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Necessary Secrets: National Security, the Media, and the Rule of Law Paperback – May 23, 2011
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Copyright © Reed Business Information, a division of Reed Elsevier Inc. All rights reserved. --This text refers to an out of print or unavailable edition of this title.
More About the Author
Before joining Commentary, Schoenfeld was a senior fellow at the Center for Strategic and International Studies in Washington, DC, where he founded the research bulletin Soviet Prospects. Schoenfeld was an IREX Scholar at Moscow State University, holds a PhD from Harvard University's Department of Government, and is a United States Chess Federation master. The father of three daughters, he lives in New York City.
Top Customer Reviews
The author surveys American history -- from the beginnings of the United States to the present -- in an effort to identify the key issues raised by unauthorized disclosures of diplomatic, military, and intelligence secrets and their publication. The author's survey of American history is interesting, and it provides useful context and background information for his discussion of unauthorized disclosures. The author discusses arguments made in favor of publishing leaked secrets, arguments made against the publication of leaked secrets, and the strengths and weakness of the arguments on both sides.
For the most part, the author is critical of media publication of unauthorized disclosures of secret diplomatic, military, and intelligence information, and he challenges many of the arguments that have been made in favor of such publication. But, the author also notes the problem of over-classification of some government information, the value of a free press to an informed citizenry, and the practical and political difficulties of criminal prosecutions of leakers and the recipients of leaks. The author's effort at presenting the pros and cons of unauthorized disclosures and the government's response to unauthorized disclosures is an admirable effort at being fair, but it occasionally may leave the reader with the feeling that the author is ambivalent and perhaps hesitant about some of the positions he takes in the book.
Anyone interested in the subject of national security leaks should read this book.
At the height of the WikiLeaks and Julian Assange news blitz, I had a conversation with my brother-in-law. I told him I didn't think there was much room for keeping secrets. A secret, of course, is defined as "something kept hidden or unexplained." Thus, it seemed to me antithetical to everything I was taught: that knowledge is power and its application is wisdom. Keeping things hidden and unexplained kept me from knowledge and, hence, from having wisdom. "Necessary" of course means absolutely essential.
My brother-in-law reminded me, however, that there was a need for secrecy -- times when it is absolutely essential. Some secrets are necessary. For example, he suggested I probably didn't want anyone knowing my daughter's bank account information. (It gave me pause that he didn't use my bank account information for his example.) Otherwise, he said someone could go in and withdraw willy-nilly. It is necessary, he argued, to keep the critical information secret or unscrupulous individuals or entities will make you regret it.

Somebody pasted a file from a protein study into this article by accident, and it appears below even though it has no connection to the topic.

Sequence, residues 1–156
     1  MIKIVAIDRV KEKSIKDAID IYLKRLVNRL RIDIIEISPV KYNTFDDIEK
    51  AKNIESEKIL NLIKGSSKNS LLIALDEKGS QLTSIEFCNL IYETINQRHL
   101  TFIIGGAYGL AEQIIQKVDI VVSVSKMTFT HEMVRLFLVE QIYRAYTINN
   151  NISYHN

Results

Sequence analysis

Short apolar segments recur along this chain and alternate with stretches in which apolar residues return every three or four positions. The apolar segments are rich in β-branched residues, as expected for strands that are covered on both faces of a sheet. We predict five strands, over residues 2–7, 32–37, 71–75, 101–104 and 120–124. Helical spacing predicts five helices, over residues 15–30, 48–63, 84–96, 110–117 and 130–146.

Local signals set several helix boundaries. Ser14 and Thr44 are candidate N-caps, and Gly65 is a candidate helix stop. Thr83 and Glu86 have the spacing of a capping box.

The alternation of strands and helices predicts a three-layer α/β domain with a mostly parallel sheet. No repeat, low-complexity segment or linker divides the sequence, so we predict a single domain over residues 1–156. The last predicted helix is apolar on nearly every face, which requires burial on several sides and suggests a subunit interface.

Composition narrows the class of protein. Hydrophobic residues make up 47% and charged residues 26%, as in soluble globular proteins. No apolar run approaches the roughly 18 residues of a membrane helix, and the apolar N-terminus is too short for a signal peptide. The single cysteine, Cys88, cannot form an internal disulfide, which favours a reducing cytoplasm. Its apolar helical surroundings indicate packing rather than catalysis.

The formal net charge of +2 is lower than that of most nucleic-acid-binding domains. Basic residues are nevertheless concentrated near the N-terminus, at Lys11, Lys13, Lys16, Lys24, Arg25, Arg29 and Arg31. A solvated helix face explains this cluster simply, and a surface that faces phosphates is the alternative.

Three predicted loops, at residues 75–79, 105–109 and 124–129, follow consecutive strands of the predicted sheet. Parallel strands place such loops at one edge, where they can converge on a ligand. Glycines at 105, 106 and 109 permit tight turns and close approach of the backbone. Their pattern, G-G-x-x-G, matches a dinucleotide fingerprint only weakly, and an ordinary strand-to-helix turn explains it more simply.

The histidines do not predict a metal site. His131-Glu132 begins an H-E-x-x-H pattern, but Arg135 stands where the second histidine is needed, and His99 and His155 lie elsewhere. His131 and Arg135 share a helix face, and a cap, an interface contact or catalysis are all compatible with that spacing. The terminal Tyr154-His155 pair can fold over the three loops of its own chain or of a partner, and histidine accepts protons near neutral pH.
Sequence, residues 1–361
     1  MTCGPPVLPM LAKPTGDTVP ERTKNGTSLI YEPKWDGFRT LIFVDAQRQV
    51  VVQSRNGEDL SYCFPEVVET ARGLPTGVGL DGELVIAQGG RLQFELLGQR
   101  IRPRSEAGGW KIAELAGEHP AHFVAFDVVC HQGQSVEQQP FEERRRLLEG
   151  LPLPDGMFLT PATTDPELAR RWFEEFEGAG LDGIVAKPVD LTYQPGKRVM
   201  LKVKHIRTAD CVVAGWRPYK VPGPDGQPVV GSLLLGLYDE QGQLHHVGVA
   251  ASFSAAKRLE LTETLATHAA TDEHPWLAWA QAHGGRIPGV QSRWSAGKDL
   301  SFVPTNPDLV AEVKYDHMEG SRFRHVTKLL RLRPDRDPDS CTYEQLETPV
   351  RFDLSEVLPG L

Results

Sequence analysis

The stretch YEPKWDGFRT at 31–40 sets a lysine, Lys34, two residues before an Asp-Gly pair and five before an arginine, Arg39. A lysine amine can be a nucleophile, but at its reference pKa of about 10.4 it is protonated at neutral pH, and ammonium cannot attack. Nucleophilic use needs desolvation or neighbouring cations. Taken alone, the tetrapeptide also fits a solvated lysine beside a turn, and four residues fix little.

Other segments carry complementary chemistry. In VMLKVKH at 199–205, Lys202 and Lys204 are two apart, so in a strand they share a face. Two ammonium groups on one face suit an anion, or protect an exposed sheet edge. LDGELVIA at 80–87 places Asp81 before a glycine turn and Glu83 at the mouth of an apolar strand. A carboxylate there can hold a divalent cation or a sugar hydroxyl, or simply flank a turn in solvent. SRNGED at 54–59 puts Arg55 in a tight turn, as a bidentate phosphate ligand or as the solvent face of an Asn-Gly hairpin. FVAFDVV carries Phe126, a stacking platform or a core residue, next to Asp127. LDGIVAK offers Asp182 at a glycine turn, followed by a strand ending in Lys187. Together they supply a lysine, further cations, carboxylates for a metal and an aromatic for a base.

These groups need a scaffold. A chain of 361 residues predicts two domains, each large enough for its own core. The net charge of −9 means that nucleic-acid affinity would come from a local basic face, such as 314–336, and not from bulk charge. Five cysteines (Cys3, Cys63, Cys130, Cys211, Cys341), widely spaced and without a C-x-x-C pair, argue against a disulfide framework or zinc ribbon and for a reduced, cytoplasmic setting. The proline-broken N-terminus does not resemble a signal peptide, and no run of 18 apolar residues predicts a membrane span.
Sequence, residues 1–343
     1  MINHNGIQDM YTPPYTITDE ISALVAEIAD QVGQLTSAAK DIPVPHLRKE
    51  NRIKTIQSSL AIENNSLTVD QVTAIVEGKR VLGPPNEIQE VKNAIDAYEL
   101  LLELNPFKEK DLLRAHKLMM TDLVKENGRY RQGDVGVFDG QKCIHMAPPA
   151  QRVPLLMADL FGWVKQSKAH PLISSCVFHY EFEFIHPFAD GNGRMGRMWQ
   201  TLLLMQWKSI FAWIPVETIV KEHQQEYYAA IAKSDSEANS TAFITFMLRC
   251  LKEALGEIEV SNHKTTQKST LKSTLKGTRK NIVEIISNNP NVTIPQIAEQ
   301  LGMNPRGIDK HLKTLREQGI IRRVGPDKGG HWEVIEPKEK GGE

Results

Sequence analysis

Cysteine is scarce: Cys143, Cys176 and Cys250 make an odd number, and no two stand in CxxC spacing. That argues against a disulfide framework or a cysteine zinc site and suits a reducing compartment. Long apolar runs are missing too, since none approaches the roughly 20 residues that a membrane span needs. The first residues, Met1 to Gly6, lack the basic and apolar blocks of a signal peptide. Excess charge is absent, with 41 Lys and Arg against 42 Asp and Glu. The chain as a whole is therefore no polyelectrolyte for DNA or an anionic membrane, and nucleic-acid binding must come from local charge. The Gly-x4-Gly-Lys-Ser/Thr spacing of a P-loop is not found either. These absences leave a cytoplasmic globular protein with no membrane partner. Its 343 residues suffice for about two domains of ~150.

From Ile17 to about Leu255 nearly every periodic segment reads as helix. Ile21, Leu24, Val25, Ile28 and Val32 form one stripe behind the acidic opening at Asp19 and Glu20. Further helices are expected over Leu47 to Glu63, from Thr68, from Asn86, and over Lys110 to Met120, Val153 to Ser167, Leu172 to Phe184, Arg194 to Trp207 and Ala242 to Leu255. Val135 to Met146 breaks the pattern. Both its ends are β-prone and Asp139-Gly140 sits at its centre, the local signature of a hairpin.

My conversation with him got me thinking more and more about secrecy, more than I ever had before. It even spurred me on to start writing a novel with secrecy, privacy, or confidentiality, or all three, as a theme. It also caused me to start considering those matters -- secrecy, privacy, and confidentiality -- more fully. I ended up, through happenstance, picking up NECESSARY SECRETS to read and learn more about the subject.
Obviously, since my immediate take on secrecy with my brother-in-law was to want to do away with it, I wasn't very close to the position of Gabriel Schonfeld, the author of NECESSARY SECRETS.Read more ›
"The New York Times reported in 2009 that President George W. Bush had authorized new efforts, including some that were experimental, to undermine electrical systems, computer systems and other networks that serve Iran's nuclear program, according to current and former American officials. ...The program is among the most secret in the United States government, and it has been accelerated since President Obama took office, according to some American officials. "
If it's "the most secret" program, why is the New York Times reporting it? Schoenfeld doesn't discuss this particular case in his book but he looks carefully at the arguments made for and against such revelations.
Frankly I'm surprised by the lack of other five star ratings. His book is well researched, well written and his arguments are balanced, thorough and clearly presented.
He follows the subject from the historical period through to the present. I preferred reading his twentieth century examples over those from earlier periods, but I understand his reasons for reaching back.
I wouldn't say it's a gripping read, but it's clear, fluid writing allows the reader to move quickly through parts of less interest. I also give it credit for succeeding in a somewhat more difficult literary category, which blends history, law and political philosophy.
He covers the Pentagon Papers release by Daniel Ellsberg. Having read Ellsberg's "Secrets" years ago, Schoenfeld's alternate perspective was enlightening.Read more ›
Most Recent Customer Reviews
A splendid book that will not be read by those who should read it.
Sad, but undeniable. Thanks to Schoenfeld for a clear, unflinching expose!
Schoenfeld's work is not only informative but also genuinely interesting. He begins by presenting a New York Times leak from 2005 and then works back toward that example from the... Read morePublished on July 8, 2012 by Kindle Customer